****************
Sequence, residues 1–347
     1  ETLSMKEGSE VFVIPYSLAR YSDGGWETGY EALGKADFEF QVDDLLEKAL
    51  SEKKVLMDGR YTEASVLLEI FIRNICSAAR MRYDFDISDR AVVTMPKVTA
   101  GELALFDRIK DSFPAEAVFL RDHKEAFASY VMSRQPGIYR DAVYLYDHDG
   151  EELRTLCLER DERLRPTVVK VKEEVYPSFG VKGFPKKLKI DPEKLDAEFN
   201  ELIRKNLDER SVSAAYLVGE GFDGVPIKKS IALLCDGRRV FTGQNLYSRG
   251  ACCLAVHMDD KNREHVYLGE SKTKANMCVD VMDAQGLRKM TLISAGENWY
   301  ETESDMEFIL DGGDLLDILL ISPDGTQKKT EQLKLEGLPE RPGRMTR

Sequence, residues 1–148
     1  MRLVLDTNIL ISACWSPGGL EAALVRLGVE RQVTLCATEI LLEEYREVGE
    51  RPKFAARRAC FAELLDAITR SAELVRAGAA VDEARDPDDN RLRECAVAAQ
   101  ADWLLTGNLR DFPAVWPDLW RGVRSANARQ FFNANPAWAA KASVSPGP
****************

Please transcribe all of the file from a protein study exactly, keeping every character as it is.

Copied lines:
Sequence, residues 1–347
     1  ETLSMKEGSE VFVIPYSLAR YSDGGWETGY EALGKADFEF QVDDLLEKAL
    51  SEKKVLMDGR YTEASVLLEI FIRNICSAAR MRYDFDISDR AVVTMPKVTA
   101  GELALFDRIK DSFPAEAVFL RDHKEAFASY VMSRQPGIYR DAVYLYDHDG
   151  EELRTLCLER DERLRPTVVK VKEEVYPSFG VKGFPKKLKI DPEKLDAEFN
   201  ELIRKNLDER SVSAAYLVGE GFDGVPIKKS IALLCDGRRV FTGQNLYSRG
   251  ACCLAVHMDD KNREHVYLGE SKTKANMCVD VMDAQGLRKM TLISAGENWY
   301  ETESDMEFIL DGGDLLDILL ISPDGTQKKT EQLKLEGLPE RPGRMTR

Sequence, residues 1–148
     1  MRLVLDTNIL ISACWSPGGL EAALVRLGVE RQVTLCATEI LLEEYREVGE
    51  RPKFAARRAC FAELLDAITR SAELVRAGAA VDEARDPDDN RLRECAVAAQ
   101  ADWLLTGNLR DFPAVWPDLW RGVRSANARQ FFNANPAWAA KASVSPGP